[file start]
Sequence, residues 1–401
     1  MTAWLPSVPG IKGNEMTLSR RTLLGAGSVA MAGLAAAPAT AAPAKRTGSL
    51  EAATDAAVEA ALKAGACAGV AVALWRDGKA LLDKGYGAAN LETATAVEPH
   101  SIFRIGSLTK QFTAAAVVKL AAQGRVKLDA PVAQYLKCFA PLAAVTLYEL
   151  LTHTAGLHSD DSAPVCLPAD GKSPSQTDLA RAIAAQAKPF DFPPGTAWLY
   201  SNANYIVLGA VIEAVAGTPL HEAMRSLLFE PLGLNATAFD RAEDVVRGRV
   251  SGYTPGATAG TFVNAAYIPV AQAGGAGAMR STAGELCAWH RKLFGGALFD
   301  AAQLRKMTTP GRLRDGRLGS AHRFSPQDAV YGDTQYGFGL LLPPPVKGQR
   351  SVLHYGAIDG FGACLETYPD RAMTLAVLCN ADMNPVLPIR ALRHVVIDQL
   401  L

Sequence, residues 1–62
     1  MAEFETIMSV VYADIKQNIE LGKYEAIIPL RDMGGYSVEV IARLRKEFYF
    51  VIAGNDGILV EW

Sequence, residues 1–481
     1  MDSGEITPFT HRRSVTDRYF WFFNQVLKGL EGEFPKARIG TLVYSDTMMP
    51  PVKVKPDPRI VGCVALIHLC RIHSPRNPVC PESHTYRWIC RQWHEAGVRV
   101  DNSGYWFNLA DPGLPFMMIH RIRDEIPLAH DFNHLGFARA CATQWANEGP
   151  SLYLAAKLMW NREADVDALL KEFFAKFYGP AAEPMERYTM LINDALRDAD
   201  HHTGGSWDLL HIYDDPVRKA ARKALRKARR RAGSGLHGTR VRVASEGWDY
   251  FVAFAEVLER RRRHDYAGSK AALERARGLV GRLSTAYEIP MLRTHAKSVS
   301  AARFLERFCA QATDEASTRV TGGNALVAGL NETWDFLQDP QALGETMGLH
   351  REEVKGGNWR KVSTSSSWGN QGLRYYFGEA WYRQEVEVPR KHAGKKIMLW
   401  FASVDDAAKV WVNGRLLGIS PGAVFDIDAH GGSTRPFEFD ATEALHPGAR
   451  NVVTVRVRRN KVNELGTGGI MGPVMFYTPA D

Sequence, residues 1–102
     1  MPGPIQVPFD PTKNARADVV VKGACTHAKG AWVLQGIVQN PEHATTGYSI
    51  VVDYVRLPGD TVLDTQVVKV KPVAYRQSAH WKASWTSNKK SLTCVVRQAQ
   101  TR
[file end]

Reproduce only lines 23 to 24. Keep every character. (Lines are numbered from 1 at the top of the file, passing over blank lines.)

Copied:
   401  FASVDDAAKV WVNGRLLGIS PGAVFDIDAH GGSTRPFEFD ATEALHPGAR
   451  NVVTVRVRRN KVNELGTGGI MGPVMFYTPA D